Keep up the fine work, guys. You give us horror fans hope for the small press magazine markets.

Sales and subscriptions for Shock Totem can be found here

Submission guidelines can be found here

--Nickolas Cook

(Scribner- 2006)
By Stephen King
Review by Nickolas Cook

Well, I’ve got to admit I never saw a cyberpunk horror novel coming from the King of Horror, but that’s exactly what we have in ‘Cell’. But relax: you won’t have to wade through tons of science lectures and inconceivable concepts to get into the novel. After all, this is Stephen King we’re talking about here, right? He knows better than any other American fiction writer how to make his writing as broadly accessible as possible. He is writing for the masses. Not Star Trek fans.
In ‘Cell’ you’ll find nods to both Richard Matheson’s ‘I Am Legend’ and George Romero’s zombie apocalypse world, but it becomes more an apocalypse as filtered through the likes of J.G. Ballard and David Cronenberg as the new flesh comes to the fore, a flesh ruled by an ultimately unexplained hive collective mentality.
This is an ‘end-of-the-world-as-we-know-it’ scenario that is nowhere near as expansive or complex as King’s classic ‘The Stand’-- much to the disappointment of many of his fans, by the way. To some, this is going to seem like cheat of a read, because it’s pretty narrow in its coverage of the end of the world. I won’t try to speak for King, but it’s obvious to me as a reader he’s got some serious issues with the modern world and wants us to know his general discomfort and disappointment with the seeming fall of mankind at the feet of the ever growing technogod/religion of hot wires and circuits- the school of more, faster, and now is better. One gets the sense that King sort of feels we get what we deserve in ‘Cell’.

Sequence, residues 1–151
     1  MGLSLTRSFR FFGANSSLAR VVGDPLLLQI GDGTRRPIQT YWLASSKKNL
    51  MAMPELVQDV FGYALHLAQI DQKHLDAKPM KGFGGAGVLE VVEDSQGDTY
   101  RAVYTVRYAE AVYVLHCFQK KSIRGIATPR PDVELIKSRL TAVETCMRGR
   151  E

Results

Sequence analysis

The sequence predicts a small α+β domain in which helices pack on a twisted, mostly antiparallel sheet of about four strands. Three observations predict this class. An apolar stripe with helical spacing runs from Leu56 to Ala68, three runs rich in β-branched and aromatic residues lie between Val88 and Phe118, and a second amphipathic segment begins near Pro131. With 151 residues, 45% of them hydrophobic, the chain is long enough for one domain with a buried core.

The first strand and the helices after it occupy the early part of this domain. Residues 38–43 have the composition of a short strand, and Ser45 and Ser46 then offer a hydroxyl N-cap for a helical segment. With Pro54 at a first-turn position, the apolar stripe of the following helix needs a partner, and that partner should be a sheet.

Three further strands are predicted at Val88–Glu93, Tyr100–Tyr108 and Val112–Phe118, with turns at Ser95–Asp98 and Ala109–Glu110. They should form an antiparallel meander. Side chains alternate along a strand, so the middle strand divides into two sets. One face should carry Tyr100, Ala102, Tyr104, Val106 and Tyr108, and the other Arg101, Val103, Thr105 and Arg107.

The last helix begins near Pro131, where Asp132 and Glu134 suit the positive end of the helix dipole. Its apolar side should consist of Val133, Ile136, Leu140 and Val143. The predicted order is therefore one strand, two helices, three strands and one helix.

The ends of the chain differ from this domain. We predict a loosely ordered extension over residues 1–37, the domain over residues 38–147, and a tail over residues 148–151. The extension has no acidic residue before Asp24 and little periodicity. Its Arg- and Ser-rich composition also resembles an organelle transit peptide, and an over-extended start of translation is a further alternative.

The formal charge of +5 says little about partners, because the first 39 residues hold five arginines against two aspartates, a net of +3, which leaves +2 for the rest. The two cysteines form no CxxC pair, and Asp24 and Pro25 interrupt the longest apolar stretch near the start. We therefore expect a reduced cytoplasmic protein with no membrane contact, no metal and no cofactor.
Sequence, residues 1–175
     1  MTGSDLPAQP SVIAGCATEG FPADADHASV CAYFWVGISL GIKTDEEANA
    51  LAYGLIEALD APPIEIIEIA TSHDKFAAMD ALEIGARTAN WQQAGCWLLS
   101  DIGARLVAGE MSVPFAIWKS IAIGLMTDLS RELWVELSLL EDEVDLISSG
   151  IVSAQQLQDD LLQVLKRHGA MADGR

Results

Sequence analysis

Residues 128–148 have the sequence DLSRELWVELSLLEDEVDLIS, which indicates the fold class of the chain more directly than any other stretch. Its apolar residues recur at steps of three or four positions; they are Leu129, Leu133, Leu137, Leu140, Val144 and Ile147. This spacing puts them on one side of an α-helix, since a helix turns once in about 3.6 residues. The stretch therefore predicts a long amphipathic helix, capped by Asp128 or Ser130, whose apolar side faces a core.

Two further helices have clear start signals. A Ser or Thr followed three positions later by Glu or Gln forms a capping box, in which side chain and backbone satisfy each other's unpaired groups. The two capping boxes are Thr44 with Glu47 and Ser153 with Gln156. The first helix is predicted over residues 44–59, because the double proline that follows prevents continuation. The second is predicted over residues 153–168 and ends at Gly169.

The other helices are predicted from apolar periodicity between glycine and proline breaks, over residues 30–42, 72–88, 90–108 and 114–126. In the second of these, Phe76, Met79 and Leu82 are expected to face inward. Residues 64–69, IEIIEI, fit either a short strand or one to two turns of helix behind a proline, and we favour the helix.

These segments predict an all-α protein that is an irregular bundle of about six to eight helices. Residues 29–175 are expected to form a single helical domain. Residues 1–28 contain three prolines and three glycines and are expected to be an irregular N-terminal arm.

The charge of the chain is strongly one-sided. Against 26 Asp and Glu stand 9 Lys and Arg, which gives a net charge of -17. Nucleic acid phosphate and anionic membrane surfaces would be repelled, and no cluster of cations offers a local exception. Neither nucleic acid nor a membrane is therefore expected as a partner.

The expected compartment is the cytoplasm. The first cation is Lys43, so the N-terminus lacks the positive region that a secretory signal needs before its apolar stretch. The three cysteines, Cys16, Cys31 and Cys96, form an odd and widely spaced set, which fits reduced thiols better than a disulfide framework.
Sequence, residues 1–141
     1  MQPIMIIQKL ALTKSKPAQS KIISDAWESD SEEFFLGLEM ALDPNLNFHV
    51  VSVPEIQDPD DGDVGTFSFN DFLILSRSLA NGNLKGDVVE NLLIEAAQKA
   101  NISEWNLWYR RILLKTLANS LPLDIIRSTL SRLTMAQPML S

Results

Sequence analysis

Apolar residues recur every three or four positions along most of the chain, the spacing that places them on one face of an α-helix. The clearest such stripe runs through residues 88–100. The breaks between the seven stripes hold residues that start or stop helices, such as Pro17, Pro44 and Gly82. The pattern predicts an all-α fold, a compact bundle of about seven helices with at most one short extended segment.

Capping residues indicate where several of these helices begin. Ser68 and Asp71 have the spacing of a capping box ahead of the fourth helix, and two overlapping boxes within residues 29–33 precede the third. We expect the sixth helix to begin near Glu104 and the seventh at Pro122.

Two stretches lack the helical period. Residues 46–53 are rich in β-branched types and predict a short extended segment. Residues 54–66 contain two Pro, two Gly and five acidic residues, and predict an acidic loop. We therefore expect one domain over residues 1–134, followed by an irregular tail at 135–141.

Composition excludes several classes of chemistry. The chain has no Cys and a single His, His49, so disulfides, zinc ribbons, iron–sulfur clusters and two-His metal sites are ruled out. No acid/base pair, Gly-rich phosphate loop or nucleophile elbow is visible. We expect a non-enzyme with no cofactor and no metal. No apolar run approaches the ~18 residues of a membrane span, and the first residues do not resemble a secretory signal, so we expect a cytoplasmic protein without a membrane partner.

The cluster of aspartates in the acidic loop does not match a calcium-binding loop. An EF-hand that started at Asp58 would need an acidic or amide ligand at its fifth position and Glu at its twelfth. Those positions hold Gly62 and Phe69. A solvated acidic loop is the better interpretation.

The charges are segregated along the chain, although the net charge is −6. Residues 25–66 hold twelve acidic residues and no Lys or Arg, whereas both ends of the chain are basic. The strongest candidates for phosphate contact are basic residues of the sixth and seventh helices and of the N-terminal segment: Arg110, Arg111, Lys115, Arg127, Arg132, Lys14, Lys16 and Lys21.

It’s peopled with the typical cast of King characters: graphic artist Clayton Riddell, elderly Tom McCourt, and fifteen year old hope for the future Alice Maxwell. They band together to find a way out of town after what is labeled ‘The Pulse’ has turned anyone with a cell phone into a raving maniac killer. Along the way they meet other survivors and discover the ‘zombies’ or ‘phoners’ are beginning to flock like animals to certain places at certain times, as if they’re being guided by some outside force.
Well, I won’t give away much more of the story because if you haven’t read it anything beyond this is going to spoil the experience.
I will add a few other observations about ‘Cell’, however.
The first being that, to me, it seems King’s concept of how people would naturally turn to one another in such an extreme scenario has changed. Drastically. This ain’t Stu Redman and Frannie Walsh we’re talking here, folks. And maybe that’s a good thing. Maybe ‘Cell’ is more realistic than ‘The Stand’ in that way. It’s a hell of a depressing thought, though.
Another thing: ‘Cell’ comes to take on another meaning as the survivors form their own cells and begin to find ways to eradicate the ‘phoners’. Turning the terrorists angle on its head? Again, King owes a debt to Matheson for this concept first used in ‘I Am Legend’.
And one last observation: ‘Cell’ ultimately feels like an incomplete story. There is no true denouement, no true ending, in fact. And, again, maybe this is because King’s sense of modern man is that this is probably how it would really turn out applies here as well.

--Nickolas Cook